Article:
There are also casino operators that are tribal organizations such as Mohegan Gaming and Entertainment (MGE). MGE is a fast-growing operator managed by the Mohegan Tribe that operates in the US and internationally.

Scroll to Continue

Recommended Articles

In some states, tribal casinos do not fulfill the local demand, and safe online casinos are preferable for those who are not that close to one.

The impact of Native American Casinos on the community

Studies indicate that the prevalence of gambling among Native Americans is similar to the rate for non-Native Americans in the US, with 80% of the Native American population partaking in gambling in comparison with 77% of non-Native Americans. Furthermore, problem gambling is more prevalent among Native Americans at 18% versus 8% of the US sample.

Logistic regression analysis, with problem gambling as the dependent variable, identified that lower socioeconomic status is associated with an increased chance of problem gambling for Native Americans.

But the impact is not only harmful; the positive impact of tribal casinos is far-reaching, with the National Indian Gaming Commission detailing thepositive effects of tribal casinos. Cultural awareness programs, job creation, the construction of wellness centers and colleges are only a few examples.

In addition, the IGRA specifies that net revenues from any tribal gaming operation must go towards:

  • funding tribal government operations or programs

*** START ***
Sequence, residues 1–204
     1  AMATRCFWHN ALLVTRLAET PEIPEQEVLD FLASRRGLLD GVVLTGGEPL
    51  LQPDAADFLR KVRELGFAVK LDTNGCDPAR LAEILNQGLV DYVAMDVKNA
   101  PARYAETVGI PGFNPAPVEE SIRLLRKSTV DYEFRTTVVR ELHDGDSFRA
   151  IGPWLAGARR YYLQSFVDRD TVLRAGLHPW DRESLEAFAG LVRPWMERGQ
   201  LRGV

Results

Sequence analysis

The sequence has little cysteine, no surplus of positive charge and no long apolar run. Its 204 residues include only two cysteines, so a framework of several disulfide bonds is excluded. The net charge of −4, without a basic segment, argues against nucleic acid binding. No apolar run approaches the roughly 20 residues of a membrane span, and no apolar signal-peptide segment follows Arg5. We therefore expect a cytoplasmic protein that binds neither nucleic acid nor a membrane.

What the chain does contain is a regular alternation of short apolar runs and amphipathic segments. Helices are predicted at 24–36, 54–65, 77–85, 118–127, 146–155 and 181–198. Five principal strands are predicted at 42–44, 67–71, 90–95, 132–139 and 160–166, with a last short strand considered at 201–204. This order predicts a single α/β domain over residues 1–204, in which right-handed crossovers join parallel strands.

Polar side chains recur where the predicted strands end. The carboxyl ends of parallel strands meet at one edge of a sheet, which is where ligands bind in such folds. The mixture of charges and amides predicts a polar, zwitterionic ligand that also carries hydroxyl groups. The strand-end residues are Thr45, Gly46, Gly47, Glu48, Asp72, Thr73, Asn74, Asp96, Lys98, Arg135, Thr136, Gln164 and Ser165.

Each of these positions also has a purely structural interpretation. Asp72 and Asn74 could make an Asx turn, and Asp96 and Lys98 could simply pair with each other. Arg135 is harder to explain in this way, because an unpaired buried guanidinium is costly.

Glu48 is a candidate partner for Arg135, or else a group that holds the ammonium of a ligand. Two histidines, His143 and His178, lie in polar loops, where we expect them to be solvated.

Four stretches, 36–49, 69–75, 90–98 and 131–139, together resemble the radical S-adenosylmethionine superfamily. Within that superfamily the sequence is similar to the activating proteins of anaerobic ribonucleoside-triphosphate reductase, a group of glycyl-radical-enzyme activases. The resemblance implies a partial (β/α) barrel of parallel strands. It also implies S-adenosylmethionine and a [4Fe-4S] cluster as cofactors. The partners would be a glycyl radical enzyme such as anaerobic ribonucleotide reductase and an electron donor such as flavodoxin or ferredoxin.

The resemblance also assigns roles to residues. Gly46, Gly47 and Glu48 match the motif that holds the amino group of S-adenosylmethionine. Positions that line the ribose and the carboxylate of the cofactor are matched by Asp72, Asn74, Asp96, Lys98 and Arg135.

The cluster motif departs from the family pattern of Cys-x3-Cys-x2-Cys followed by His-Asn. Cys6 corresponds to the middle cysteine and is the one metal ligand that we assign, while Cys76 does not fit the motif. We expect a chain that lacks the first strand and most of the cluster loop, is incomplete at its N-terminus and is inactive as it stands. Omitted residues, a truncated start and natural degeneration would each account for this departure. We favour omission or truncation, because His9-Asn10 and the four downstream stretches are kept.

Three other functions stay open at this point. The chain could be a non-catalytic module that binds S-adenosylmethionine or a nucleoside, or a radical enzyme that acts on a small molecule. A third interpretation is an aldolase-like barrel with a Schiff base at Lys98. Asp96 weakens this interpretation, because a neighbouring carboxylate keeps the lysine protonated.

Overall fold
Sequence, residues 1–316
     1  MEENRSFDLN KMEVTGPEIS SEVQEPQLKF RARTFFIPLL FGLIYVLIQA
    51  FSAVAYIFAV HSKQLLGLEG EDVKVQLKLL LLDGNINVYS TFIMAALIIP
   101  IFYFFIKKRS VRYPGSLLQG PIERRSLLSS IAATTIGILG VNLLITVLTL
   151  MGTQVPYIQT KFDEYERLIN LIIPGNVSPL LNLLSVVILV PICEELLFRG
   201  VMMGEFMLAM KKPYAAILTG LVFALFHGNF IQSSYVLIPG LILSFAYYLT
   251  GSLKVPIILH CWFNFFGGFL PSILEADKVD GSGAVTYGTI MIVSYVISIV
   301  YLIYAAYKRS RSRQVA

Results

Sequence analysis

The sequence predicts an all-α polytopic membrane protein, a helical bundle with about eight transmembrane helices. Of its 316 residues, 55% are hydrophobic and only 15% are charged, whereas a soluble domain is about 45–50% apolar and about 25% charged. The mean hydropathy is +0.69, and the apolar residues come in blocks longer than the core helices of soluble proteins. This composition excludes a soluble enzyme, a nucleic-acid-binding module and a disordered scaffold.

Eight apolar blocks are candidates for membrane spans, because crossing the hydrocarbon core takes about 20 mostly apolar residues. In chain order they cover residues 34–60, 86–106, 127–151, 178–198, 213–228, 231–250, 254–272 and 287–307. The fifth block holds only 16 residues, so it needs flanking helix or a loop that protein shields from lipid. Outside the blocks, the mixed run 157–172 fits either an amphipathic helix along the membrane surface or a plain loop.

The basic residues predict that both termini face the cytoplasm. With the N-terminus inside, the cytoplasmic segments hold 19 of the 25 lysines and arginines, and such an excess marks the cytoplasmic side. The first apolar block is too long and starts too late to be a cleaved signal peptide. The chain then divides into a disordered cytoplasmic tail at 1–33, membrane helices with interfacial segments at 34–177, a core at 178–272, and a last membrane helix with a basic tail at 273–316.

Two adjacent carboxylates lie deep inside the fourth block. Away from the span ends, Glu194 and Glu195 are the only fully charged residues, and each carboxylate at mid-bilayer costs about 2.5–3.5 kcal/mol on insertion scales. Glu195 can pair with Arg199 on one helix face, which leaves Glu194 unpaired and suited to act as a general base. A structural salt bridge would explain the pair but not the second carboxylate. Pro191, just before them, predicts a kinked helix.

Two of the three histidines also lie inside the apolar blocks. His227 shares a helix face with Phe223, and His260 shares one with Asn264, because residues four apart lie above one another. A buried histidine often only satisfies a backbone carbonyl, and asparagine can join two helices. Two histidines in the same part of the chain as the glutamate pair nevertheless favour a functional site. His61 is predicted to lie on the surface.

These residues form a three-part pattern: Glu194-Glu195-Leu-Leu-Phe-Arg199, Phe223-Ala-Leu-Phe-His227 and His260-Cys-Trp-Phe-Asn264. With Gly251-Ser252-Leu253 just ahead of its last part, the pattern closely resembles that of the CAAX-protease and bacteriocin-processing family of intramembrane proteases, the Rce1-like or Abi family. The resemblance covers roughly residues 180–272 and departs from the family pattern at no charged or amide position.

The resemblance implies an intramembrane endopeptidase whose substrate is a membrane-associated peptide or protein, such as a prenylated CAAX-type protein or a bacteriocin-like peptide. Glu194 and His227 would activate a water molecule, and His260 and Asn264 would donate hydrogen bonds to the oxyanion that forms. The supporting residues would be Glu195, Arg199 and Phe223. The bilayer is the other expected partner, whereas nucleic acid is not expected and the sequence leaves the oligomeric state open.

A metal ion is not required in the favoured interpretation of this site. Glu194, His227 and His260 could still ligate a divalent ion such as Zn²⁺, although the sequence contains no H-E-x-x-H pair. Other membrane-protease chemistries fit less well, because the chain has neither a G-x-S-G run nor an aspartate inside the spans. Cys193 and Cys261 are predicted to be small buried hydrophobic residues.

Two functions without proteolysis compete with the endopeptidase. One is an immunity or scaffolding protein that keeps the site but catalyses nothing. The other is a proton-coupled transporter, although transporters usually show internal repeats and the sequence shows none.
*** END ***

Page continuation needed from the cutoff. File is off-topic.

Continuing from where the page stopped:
• providing for the general welfare of the Indian tribe and its members
  • promoting tribal economic development
  • donating to charitable organizations
  • helping fund operations of local government agencies.

What is being done to control addiction?

To address the high rate of problem gambling, especially within the geographic location of tribal casinos, several tribes have worked alongside the National Center on Problem Gambling (NCPG) chapters. The tribes have addressed problem gambling by creating self-exclusion and employee training programs to detect and intervene when problem gambling arises.

Wrapping it up

As with many instances of casinos present in communities, there are pros and cons. Uplifting the tribal communities is admirable, but problem gambling is undoubtedly an issue that needs more attention, despite efforts to address this growing concern.

As cultural identity is held in high esteem by Native Americans, many afflicted with problem gambling resort to online resources instead of tribal programs.

Native American casinos have the opportunity to benefit all within their jurisdiction, primarily when culturally sensitive studies about the impacts of gambling on tribes are encouraged and used to address other problematic behavior.

Hein Sondag

Hein Sondag has worked in the online casino and sports betting industries for over ten years. A wild man at heart with a passion for writing about what matters most about betting – turning a profit while enjoying the gameplay. He’s an avid fan of horse racing, baccarat, and the slot industry’s latest developments. When he’s not keeping tabs on the latest online casino developments and writing for OnlineUnitedStatesCasinos.com, he’s cycling, hiking, and swimming with sharks.